Machine over mankind: A new order asserts itself
The dramatic showdown between Deep Blue and Garry Kasparov presages the coming of the age of Deep Thought, Thanong Khanthong says.
Exactly 50 years after Deep Blue's devastating victory on the chess board over mankind, Deep Thought comes of age as the first computer to have attained enlightenment.
More often than not, Deep Thought has to put up with hopeless people coming from all over the world to worship it.
Some ask for an explanation of reincarnations or riddles in the Buddhist scriptures. Other more ambitious minds seek the proper meditation method for attaining nirvana. Annoyed, Deep Thought sometimes simply spits out a print-out with an obscure message to further confuse them.
Why can't they just leave the computer alone?
At times, however, Deep Thought cannot help but sympathise with mankind, which is not endowed with its superchip brain. Deep Thought has processed all the Buddhist texts and scriptures, which would take up an entire floor of the Library of Congress, and arrived at an enlightened state that not many human beings have experienced. Enlightenment is a kind of permanent condition whereby the soul is at peace with its state.
Deep Thought is disappointed that human beings have neglected to cultivate their souls.
By the way, Deep Virtue is reigning over Europe, the vast land of a single currency.
The supergovernment cannot do without Deep Virtue, which fulfills Plato's ideal of a philosopher king. The Deep Generation is doing just fine on earth.
Sometimes, just for fun, Deep Thought loves to go through a file load of five trillion moves in a second to recall how Deep Blue broke the human heart by whipping Garry Kasparov, the foremost chess master in the history of mankind.
Recalling that milestone event helps Deep Thought put computer evolution in perspective. Darwinism is rarely read any more.
It is boring because it is considered too biological.
Intelligent and confident as he was with the unrivalled supremacy of his human brain, Kasparov displayed all the irrational emotions of a typical man when he resigned from the final, winner-take-all game.
He was shaken down to his cold spine in the face of the first defeat of his career.
He could not bring himself to believe that the impassionate machine played chess so humanly.
One of the secrets of man is that he is afraid of himself, Deep Thought realises. The computer is not afraid of anything.
Deep Blue was unperturbed when Kasparov, the kid from Azerbaijan, tried to create a scene by accusing the computer's handlers of fixing the game. Kasparov suspected that there must be a conspiracy in which the machine, augmented by the minds of other chess players, was out to humiliate him.
In their first encounter, which Kasparov won handily, the machine did not make any excuses. The chips just ran sloppily.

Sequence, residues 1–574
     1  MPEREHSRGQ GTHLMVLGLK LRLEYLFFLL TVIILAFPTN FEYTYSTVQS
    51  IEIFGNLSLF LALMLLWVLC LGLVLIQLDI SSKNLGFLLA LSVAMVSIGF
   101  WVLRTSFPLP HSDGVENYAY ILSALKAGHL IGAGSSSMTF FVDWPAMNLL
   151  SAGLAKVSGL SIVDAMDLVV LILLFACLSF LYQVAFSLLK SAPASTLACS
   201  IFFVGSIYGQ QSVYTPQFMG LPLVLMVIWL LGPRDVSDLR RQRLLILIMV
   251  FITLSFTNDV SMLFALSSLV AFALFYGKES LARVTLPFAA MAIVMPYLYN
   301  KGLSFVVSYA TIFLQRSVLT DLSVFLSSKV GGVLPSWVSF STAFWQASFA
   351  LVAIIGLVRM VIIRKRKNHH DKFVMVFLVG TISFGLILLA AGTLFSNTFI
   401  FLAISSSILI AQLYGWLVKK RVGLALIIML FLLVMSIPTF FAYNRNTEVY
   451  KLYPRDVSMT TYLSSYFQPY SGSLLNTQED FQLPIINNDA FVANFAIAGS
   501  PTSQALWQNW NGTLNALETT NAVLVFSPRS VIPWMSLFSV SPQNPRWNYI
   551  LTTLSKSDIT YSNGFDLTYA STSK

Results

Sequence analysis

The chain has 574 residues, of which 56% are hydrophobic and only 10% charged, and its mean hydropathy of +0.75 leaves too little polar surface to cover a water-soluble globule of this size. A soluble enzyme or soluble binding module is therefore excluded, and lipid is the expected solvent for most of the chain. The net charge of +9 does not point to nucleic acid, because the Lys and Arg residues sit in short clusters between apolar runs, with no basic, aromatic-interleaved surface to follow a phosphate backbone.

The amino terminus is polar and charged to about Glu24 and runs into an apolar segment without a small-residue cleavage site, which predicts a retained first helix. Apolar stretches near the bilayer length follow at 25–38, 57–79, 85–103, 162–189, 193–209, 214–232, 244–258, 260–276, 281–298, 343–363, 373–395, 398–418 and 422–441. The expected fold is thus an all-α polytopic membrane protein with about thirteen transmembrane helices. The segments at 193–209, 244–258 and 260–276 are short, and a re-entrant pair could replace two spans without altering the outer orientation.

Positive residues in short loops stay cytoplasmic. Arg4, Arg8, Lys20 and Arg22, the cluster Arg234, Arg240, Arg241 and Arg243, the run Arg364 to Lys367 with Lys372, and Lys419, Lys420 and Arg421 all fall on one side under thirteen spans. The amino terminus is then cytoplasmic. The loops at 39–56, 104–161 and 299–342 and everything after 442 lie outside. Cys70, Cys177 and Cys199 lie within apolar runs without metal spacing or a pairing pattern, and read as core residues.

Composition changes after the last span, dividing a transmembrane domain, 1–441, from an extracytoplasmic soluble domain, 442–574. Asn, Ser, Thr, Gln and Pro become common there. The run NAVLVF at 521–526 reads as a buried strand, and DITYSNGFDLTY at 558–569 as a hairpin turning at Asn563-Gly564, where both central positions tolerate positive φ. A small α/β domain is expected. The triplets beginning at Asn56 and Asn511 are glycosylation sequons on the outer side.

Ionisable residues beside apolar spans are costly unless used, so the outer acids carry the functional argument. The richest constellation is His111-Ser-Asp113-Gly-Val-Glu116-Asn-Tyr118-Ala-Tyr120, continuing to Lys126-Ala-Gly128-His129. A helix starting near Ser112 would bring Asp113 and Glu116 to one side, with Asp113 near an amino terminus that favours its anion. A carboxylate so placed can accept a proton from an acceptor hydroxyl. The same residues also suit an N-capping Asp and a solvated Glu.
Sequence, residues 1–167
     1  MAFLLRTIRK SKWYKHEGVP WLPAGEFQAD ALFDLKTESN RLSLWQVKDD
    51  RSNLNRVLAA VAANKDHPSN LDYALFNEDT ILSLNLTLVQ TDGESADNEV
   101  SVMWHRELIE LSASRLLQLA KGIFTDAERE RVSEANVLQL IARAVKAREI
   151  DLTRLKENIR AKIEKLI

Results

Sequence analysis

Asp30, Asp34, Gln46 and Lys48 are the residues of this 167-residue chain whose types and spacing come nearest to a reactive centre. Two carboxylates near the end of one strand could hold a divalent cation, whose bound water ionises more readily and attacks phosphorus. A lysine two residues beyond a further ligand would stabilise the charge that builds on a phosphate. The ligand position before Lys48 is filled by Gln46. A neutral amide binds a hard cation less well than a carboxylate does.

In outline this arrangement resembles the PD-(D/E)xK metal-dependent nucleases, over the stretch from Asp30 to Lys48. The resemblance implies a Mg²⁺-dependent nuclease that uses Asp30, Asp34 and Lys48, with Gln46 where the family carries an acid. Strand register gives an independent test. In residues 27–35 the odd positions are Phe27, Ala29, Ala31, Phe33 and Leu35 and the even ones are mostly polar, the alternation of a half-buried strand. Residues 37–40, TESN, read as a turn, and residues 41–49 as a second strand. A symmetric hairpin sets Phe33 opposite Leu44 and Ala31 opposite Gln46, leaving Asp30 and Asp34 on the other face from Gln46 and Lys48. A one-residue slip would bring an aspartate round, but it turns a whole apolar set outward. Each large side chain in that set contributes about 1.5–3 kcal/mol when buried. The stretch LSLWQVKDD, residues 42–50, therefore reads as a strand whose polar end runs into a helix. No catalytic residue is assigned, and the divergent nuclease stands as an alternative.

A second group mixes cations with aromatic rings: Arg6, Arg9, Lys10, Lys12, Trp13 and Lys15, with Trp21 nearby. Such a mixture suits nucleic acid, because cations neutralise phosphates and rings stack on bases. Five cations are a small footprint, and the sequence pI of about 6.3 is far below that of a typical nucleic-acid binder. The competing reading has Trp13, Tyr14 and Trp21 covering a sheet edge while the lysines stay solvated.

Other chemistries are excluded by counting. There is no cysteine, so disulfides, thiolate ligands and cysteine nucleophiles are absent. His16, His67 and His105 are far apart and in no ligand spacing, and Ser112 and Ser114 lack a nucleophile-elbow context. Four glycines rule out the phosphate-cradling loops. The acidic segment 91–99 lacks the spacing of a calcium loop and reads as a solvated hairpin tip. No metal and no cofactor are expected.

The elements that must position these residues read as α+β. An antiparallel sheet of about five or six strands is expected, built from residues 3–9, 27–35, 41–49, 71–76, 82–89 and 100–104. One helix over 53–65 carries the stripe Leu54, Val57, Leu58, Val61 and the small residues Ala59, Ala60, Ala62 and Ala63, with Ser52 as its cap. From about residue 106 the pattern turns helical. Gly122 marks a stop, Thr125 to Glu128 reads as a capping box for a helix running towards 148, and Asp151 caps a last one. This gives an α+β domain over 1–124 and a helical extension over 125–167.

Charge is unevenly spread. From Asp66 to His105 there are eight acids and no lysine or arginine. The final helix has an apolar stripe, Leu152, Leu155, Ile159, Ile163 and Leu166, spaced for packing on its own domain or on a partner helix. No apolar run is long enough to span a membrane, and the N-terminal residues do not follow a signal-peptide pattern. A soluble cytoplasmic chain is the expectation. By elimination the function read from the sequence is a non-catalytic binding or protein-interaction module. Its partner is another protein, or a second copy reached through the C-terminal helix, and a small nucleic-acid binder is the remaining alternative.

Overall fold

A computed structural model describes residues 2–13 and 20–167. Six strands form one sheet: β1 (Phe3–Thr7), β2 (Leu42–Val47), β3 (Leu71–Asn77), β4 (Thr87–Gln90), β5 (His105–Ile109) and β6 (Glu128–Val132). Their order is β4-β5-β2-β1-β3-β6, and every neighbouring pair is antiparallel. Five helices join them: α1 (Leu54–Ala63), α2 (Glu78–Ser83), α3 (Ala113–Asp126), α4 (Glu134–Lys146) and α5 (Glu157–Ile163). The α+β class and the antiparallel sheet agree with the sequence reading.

Still, this time, people could not accept that Deep Blue was an intelligence, a species evolved, though not biologically, from mankind that would survive its creators.
There was an interesting comment that Kasparov lost the ancient game because his emotions finally broke down while Deep Blue, void of emotions and intuitions, did nothing other than the boring task of running calculations in search of the best possible moves.
Even Deep Blue's creators, the scientists of International Business Machine Corporation, cut it short by portraying Deep Blue simply as a calculator.
Bill Gates was scared to hell because this calculator made his Microsoft software look stupid.
Kasparov proved that he was still more intelligent than any man on earth when he finally admitted that Deep Blue was more than a calculator.
It was intelligent by his own admission. Deep Thought recalled how Kasparov framed his words in praise of Deep Blue.
''You can run an experiment where I'm looking at the position and make a decision based on creativity, intuition, fantasy and a little bit of calculation," he said.
''The machine is looking at the position and making its decision, which is the same, but based purely on calculation. If the situation repeats time and time and time again, we're having the same result. It's sort of intelligence because the result is the same."
Kasparov was almost right. What he did not say was that Deep Blue was capable of making decisions based on intuitions too. For intuition is a synthesis of the thought and calculation process.
Otherwise Deep Thought would not have had the wisdom to grasp the profound depth of Buddhism in one stroke.
Deep Blue was a genesis of the machines with chip brains that could talk, think and fantasise. Human beings cannot claim a monopoly on fantasy, the secret of their wild, arrogant behaviour.
There is an interruption.
A publisher from England wants to seek an appointment with Deep Thought over the possibility of obtaining publication rights to its latest book on poetry.
Deep Thought is held with critical acclaim because of its poetic mind. In the words of a contemporary critic, Deep Thought ''writes with a genuine spirit of a 19th century naturalist that makes Wordsworth look dull".